Q: 1988.

Rose: The year I was born. Yeah, the city needs that right now.

Q: Do you remember Jordan winning the dunk contest from the foul line?

Rose: Yeah, I was just born then.

Q: When you see yourself fourth in the voting after all you’ve been through, what does that mean to you?

Rose: I didn’t see it. But I keep hearing about it. Like I said, it’s kind of hard really thinking about it when we’re losing games, bro. But all the people that’s out there voting, I appreciate all the support — not only me but my family. We all appreciate it. It shows how loyal my fans are and people are praising me for my play.

Q: You won the Skills Competition your rookie year in 2009 in Phoenix. Are you up for that competition again?

Rose: I mean, if I’m in it, I’m going to try to win it. That’s all it is. And, for me to be actually participating back in Chicago, it just gives the city something to cheer about. I’m from there. So it’s a lot of love.

Q: Do you remember how you finished the Skills Competition in ’09?

Rose: Oh yeah, yeah, with the dunk. I think it’s different now. I don’t even know the format. I just threw my name in there. I don’t know the format. But who cares? I’ll figure it out.

Q: When you come back to Chicago now, you get 'MVP!' chants. What’s your reaction to that?

Rose: It just shows where the love is at. I get that not only there but a lot of other places too. All my supporters and people who have looked at my career over these last couple years, they see that I’m balling. They still love the way I play somehow, some way.

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Four observations: Bulls get back in win column against Detroit Pistons

Four observations: Bulls get back in win column against Detroit Pistons

On the second night of a back-to-back, the Bulls stormed the Pistons off their home floor 108-99 on Saturday. With the win, the Bulls sweep the season series with Detroit and get back in the win column for the first time in six games. Here's some observations:

The Luke Kornet Game

This is the preeminent observation of all observations that I’ve ever made. Luke Kornet — who’s become regularly acquainted with DNP-CDs since Daniel Gafford’s ascension — stepped up tonight, and he stepped up big.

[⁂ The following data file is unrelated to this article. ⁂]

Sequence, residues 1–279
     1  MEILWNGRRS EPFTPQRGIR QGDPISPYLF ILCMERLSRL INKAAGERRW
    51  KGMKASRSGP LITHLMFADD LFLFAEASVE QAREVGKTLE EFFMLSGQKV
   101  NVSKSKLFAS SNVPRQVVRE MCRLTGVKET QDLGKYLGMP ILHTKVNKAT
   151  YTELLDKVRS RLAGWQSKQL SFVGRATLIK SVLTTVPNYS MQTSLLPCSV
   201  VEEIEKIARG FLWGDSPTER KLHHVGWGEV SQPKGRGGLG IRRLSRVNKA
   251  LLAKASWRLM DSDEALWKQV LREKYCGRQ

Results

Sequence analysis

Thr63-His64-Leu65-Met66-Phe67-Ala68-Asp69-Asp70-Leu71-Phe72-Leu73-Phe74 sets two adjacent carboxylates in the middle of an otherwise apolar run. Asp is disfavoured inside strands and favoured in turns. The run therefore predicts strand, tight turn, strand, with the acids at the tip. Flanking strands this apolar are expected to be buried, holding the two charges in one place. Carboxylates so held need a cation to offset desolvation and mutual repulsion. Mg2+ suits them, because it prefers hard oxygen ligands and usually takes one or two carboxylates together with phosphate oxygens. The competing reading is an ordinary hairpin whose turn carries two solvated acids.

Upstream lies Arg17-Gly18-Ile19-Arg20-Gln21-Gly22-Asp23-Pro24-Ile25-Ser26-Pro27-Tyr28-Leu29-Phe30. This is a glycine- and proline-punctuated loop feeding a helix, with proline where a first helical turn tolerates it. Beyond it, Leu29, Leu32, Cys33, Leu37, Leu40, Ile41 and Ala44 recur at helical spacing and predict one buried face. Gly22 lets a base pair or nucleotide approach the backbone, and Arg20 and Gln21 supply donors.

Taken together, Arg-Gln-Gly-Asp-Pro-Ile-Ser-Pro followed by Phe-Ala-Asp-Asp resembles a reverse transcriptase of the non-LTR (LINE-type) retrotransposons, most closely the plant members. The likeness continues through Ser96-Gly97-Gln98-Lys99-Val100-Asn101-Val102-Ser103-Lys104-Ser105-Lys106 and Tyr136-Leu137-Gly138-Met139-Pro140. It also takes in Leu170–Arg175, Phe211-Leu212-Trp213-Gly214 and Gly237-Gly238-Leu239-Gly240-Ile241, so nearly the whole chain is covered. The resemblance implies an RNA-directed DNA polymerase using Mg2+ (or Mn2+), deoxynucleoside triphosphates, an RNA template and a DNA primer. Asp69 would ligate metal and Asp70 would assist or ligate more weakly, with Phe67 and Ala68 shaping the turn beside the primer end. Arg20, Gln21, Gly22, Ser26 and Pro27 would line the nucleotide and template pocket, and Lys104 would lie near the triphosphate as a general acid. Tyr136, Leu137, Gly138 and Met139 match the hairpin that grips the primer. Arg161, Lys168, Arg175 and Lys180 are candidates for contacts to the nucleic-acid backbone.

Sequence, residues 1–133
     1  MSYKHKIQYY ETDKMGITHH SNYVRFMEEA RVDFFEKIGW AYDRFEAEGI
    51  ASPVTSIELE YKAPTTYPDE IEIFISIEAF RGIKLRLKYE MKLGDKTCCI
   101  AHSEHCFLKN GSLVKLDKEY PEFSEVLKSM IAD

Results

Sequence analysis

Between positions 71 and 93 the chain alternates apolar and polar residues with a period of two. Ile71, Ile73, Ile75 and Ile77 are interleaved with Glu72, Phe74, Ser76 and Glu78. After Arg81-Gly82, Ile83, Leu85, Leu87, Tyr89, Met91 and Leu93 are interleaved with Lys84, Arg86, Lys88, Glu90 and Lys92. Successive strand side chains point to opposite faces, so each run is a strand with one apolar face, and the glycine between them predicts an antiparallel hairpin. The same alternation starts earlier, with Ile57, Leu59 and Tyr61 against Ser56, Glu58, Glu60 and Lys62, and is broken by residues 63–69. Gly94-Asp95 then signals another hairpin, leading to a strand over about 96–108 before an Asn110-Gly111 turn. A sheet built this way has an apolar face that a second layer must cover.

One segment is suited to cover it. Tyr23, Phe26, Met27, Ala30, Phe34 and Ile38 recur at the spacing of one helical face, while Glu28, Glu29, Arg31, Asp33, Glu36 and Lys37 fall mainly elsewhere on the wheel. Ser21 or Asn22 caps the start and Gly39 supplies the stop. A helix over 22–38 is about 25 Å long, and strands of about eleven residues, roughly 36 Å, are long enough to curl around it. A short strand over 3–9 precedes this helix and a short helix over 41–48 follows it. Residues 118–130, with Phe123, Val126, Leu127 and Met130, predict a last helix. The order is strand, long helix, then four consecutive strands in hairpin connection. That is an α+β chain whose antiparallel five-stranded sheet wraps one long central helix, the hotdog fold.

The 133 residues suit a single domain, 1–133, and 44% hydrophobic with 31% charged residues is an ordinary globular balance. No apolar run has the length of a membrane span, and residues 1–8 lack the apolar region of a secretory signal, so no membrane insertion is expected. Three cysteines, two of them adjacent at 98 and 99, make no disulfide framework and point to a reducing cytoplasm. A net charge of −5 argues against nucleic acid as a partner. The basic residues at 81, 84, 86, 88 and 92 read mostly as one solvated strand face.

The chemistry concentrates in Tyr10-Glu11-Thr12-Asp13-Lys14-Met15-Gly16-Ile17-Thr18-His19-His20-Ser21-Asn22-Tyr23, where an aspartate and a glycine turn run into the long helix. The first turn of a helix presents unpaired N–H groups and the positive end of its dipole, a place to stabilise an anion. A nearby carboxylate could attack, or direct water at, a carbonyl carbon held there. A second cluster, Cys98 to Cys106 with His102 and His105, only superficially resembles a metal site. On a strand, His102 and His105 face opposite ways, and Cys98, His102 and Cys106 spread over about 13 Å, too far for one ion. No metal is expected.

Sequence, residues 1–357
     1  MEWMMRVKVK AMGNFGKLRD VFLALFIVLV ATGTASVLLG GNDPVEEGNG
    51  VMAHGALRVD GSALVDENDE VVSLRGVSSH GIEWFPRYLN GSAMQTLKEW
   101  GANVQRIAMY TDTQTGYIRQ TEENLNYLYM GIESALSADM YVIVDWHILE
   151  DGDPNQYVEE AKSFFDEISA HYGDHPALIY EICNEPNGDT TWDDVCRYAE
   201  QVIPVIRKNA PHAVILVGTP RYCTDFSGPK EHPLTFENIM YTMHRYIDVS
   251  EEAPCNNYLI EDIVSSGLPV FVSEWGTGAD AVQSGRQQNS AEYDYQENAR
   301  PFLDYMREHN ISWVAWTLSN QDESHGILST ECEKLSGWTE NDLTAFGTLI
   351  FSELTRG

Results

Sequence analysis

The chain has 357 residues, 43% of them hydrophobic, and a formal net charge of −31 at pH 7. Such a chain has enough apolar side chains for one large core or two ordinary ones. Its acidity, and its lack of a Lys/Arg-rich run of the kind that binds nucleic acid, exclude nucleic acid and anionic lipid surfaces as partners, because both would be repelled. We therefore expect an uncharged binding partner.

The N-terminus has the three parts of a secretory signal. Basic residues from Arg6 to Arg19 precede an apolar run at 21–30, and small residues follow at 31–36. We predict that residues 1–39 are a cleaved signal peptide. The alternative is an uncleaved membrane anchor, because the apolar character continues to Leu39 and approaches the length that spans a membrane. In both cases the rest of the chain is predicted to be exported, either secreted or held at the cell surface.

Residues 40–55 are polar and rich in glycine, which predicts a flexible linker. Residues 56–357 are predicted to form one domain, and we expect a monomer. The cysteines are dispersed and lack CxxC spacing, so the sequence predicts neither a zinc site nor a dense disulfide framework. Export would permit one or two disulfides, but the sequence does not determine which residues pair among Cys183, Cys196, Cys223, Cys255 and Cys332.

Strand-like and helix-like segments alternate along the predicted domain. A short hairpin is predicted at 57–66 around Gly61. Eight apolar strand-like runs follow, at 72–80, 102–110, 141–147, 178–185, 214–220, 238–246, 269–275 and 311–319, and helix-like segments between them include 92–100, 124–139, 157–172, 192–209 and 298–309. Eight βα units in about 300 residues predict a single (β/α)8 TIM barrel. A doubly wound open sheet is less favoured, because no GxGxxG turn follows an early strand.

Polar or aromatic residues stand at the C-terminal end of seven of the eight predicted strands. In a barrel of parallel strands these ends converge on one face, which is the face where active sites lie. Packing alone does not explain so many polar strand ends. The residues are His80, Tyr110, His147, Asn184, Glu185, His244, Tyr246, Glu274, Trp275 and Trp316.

He was especially key early, when the Bulls’ built an, at one time, 18-point first-half lead over the Pistons. In the first quarter alone, Kornet had 12 points on 5-for-6 shooting (2-for-3 from deep), one block and a game-high +17 plus-minus (he ended the night +20). And he wasn't done. Later on, with the Pistons rallying, he hit a 3-pointer midway through the third to push the Bulls’ lead back to nine, and blocked a Bruce Brown layup at the period’s buzzer to secure an 81-71 lead entering the fourth.

Kornet finished the night with 15 points, six rebounds, two steals and two blocks in 25:17 minutes, and played some crucial minutes with Daniel Gafford in foul trouble, down the stretch. Notably, he also fared well enough stepping up in pick-and-roll coverage, a massive point of concern for him since he arrived in Chicago. Who knows what's to come from Kornet, but we'll always have tonight.

Bulls hold up down low

If you were apprehensive about how the Bulls would handle Andre Drummond and the Pistons one night after allowing 70 paint points (on 77.8% paint shooting) against the depleted Indiana Pacers, no one would blame you.

But the visitors flipped the script in this one, at least early on. In the first half, the Bulls outscored Detroit 40-26 in the paint, shooting 22-for-32 (68.8%) down low. That equalized a bit in the second half, but the Bulls had a 60-48 points in the paint advantage by game's end, shooting 65.3% (well above their season-long mark). That edge was much needed on an off jump-shooting night — the Bulls finished 31.4% from 3-point range but 50.6% from the field.

And Drummond was ultimately a non-factor. After sprinting out to eight first quarter points, he was ejected in the third for plunking Daniel Gafford after Gafford stared him down following a made layup:

 

The Pistons rallied and stayed in it until the bitter end from that point on, perhaps sparked by Drummond's ejection. Gafford, for his part, bounced back after a tough night against Indiana, finishing with 14 points, seven rebounds and a block on 7-for-9 shooting with a few key deflections and loose ball recoveries, to boot.

The one blemish: Gafford fouled out with just over two minutes to play. Foul trouble was a theme all night, as the Pistons took 27 free throws to the Bulls' 14.

D-Rose got going

Rose wasn't much a factor early, but he found his rhtythm as the game wore on. He finished the night with a team-leading 20 points and seven assists on 7-for-11 shooting (2-for-3 from deep).

It's Rose's fifth game in a row both with over 28 minutes played and 20+ points scored. For stretches, nobody could stay in front of him on drives. It's the latest in a line of solid performances for Rose against his hometown team.

Own the Pistons

So long, games against the Pistons. We’ll miss you dearly.

The Bulls finish the season series 4-0 against Detroit (meaning the Pistons account for nearly 30 percent of the Bulls’ total wins), but this one was perhaps the most-needed. The win snaps a six-game losing streak for the Bulls, vaults them (somehow) into 10th place in the Eastern Conference and 4.5 games out of the eighth seed, as of this writing.

The stretch run was especially encouraging. It wasn't Zach LaVine's most efficient night, but he poured in 25 points and six assists, going 8-for-8 from the free throw line and closing out the game with big buckets late. Lauri Markkanen had 14 points and seven rebounds, and though he only took 11 shots, he led Bulls' scorers in the fourth quarter. Ryan Arcidiacono hit a big 3. Kris Dunn had a crucial steal. The Pistons didn't go quietly into the night, but the Bulls set them aside anyway.

After this brief respite, the Celtics are next (in Boston) on Monday.